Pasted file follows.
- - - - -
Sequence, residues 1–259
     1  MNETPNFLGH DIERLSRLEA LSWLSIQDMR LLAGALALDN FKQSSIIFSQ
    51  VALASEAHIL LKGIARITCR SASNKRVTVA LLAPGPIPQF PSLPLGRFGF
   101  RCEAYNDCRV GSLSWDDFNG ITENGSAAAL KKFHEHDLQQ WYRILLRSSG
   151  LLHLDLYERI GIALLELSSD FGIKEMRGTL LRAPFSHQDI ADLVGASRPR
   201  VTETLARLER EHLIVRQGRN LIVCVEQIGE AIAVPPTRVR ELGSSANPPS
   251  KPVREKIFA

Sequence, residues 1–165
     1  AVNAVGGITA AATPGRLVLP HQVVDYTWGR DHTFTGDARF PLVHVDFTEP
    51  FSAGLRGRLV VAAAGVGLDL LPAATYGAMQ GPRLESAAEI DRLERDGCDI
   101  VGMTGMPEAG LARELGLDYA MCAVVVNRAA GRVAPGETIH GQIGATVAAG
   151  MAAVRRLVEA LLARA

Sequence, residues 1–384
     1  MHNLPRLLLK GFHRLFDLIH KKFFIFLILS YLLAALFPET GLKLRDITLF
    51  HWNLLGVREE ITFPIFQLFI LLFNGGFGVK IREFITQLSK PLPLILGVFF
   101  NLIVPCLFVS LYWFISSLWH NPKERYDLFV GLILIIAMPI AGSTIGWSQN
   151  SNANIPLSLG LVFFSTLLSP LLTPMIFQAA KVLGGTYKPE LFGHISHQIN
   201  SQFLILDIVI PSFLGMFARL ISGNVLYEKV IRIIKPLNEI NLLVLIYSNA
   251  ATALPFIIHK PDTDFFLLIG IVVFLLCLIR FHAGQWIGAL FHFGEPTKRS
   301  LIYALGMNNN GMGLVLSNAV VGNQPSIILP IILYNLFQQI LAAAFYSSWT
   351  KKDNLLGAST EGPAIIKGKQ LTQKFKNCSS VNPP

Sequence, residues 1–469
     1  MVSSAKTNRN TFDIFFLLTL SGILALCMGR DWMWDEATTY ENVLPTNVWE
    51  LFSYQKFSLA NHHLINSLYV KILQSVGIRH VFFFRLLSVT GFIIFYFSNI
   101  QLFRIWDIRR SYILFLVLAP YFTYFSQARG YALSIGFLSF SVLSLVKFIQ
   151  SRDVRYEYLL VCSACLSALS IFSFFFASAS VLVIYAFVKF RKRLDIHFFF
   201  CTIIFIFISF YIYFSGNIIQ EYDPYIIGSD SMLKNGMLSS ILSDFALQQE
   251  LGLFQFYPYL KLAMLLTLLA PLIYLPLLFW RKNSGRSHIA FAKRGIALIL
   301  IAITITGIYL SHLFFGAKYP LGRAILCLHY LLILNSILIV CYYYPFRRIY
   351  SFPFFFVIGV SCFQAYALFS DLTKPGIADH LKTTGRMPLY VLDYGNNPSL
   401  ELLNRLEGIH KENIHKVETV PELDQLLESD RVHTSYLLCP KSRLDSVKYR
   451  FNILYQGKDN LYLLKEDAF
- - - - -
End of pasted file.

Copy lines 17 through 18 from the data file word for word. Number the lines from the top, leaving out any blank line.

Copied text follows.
   151  SNANIPLSLG LVFFSTLLSP LLTPMIFQAA KVLGGTYKPE LFGHISHQIN
   201  SQFLILDIVI PSFLGMFARL ISGNVLYEKV IRIIKPLNEI NLLVLIYSNA